Post-war economic growth entailed a greater utilization of the natural resources of the Earth, water being one of the most important. Control and management of this resource became necessary in order to ensure adequate water supply for all sectors, together with flood forecasting and prediction. This could only be achieved by hydraulic works and structures, such as storage dams and reservoirs, diversion canals, embankments and groundwater recovery. The hydraulic design of these works required hydrological data extending over a sufficient number of years and sound knowledge of hydrological processes. This is especially true for the prediction of extreme events, such as major floods and serious droughts and their frequency of occurrence. Soon it was found that, in many cases, this sort of information was missing, and not only in developing countries. It was realized that the scarcity of hydrological information formed an obstacle to economic development, and that the water resources were limited even in humid zones. Thus hydrology, often mistakenly confused with water control, became an important discipline in the view of both decision makers and the public. This development lies behind the expansion of IASH in the period 1948–1970.
The meetings held during the General Assemblies of the IUGG in Oslo in 1948, in Brussels in 1951, and in Rome in 1954, were attended by an increasing number of participants of various backgrounds, such as hydraulic engineering, physical geography, geology, hydrometeorology and water management. A need was felt to organize more frequent meetings than would be possible within the framework of the union assemblies. The first meeting of this type was the Darcy Symposium in Dijon in 1956 on the occasion of the centenary of Darcy's law, where not only groundwater but also evaporation and floods were discussed. The frequency of these meetings, organized independently from the Union, increased, and in the 1960s, hardly a year passed by without one or even two symposia being convened under the primary responsibility of the association. All proceedings were published in the Red Books series. In 1948, León Tison from Belgium had assumed the duties of secretary general, and for more than 20 years, he served the association with great devotion and zeal. Tison succeeded in having the papers printed near his home at low cost and with small delays, so that the publications could be available at the meetings. He did all the secretarial work and the management of the affairs of the association, assisted by his wife, son and daughter.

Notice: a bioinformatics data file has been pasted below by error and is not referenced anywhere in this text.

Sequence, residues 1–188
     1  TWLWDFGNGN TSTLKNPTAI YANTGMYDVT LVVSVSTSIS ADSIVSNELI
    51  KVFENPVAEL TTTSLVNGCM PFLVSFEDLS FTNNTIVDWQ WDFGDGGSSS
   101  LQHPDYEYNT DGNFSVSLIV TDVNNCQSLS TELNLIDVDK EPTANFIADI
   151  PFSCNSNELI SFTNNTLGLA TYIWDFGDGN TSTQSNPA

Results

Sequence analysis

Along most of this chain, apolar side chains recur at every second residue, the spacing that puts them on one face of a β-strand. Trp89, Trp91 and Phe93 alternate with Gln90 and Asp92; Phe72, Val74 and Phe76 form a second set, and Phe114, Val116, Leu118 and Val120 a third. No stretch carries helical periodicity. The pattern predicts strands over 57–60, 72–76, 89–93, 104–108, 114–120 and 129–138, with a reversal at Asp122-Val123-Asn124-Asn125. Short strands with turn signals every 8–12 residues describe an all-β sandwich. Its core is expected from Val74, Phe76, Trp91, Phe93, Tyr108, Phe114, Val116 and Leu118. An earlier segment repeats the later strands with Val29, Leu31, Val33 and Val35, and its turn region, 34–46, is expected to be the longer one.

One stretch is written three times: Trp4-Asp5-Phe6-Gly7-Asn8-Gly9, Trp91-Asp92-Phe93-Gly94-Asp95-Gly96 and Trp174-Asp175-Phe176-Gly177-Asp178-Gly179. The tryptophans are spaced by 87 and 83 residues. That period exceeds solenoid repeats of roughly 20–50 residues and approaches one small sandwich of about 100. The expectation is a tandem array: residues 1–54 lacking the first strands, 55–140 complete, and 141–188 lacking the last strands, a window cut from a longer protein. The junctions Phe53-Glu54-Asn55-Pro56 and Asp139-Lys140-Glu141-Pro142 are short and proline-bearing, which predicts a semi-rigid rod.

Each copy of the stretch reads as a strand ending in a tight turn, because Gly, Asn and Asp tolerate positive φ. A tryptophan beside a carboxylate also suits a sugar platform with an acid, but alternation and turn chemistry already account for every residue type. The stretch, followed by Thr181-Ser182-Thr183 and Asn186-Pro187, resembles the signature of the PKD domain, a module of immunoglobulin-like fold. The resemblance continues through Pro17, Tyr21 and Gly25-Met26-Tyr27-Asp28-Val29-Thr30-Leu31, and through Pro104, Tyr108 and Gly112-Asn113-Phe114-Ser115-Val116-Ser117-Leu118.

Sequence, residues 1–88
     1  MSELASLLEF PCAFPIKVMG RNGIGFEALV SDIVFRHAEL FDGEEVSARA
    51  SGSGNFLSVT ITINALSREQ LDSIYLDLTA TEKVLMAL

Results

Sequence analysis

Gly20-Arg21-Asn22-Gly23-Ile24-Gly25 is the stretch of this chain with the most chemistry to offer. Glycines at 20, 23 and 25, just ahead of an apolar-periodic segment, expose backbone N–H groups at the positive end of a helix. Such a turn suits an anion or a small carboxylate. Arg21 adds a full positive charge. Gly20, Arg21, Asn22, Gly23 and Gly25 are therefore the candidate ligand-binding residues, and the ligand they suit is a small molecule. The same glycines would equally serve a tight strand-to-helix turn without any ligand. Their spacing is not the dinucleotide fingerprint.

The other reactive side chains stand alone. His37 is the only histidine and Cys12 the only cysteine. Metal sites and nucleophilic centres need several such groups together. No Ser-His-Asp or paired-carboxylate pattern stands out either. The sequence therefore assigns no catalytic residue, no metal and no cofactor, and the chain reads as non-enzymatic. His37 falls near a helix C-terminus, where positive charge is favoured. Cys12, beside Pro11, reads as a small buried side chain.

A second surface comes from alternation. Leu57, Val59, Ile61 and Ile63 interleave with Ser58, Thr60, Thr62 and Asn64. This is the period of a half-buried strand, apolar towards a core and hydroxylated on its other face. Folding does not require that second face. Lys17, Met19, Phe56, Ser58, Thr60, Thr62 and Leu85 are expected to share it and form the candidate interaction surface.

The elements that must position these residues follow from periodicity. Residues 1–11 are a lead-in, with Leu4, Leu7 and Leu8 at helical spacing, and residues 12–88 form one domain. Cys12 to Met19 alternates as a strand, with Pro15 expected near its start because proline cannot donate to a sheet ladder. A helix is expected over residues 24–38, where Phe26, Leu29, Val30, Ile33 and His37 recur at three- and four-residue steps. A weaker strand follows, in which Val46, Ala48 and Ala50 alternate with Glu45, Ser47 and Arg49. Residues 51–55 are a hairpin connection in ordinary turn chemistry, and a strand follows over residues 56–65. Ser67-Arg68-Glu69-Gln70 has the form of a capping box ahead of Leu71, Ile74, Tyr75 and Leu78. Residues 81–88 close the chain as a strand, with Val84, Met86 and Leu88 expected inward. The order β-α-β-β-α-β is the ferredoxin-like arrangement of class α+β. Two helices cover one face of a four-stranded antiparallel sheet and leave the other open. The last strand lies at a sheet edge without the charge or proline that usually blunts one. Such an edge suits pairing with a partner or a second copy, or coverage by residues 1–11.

The Red Books became widely read amongst the hydrological community and sold well. The series was supplemented by a series on snow and ice, co-edited with UNESCO, starting in 1967 and mainly containing information on the fluctuation of glaciers. Most of the papers of the Red Books series in the period since 1948 dealt with fields that would soon be called “applied hydrology” or “engineering hydrology”. They were grouped according to a new division of the association into commissions on surface water, groundwater, land erosion, and snow and ice. The books also contributed to the drafting of hydrological textbooks and handbooks. Before the 1940s, the only book on hydrology in English was Beardmore's Manual of Hydrology, dating back to 1862 (Beardmore, 1862). In 1942, a monograph was published by Meinzer as one of the volumes of a series on Physics of the Earth (Meinzer, 1942), and in 1949 the first modern book on hydrology, Applied Hydrology by Linsley, Kohler and Paulhus (Linsley et al., 1949), was published to complement hydraulic engineering. Since then many other books have been published.
Publication of the quarterly Bulletin of the International Association of Scientific Hydrology, written in French and English, was started by Tison in 1956. It contained reports of association meetings, news and reports of assemblies, as well as some scientific articles. It is the oldest of the scientific journals dealing with hydrology. Around 1960, the United Nations and its specialized agencies initiated comprehensive intergovernmental cooperation within the field of water.
While the International Meteorological Organization, founded back in 1873, had undertaken some hydrological activities, it was not until it was transformed into a full intergovernmental organization as World Meteorological Organization (WMO) in 1950 that it looked seriously at including hydrology as one of its responsibilities. In 1955, WMO set up a committee to advise on the matter, which included Tison as secretary general of IASH. When, 6 years later, WMO's commission on the subject met for the first time, it elected Tison as its first vice president, thereby cementing the firm link between the association and WMO that has existed ever since. Of direct relevance to hydrology was the establishment in 1961 of a “Commission for Hydrometeorology”, soon to be renamed the “Commission for Hydrology”.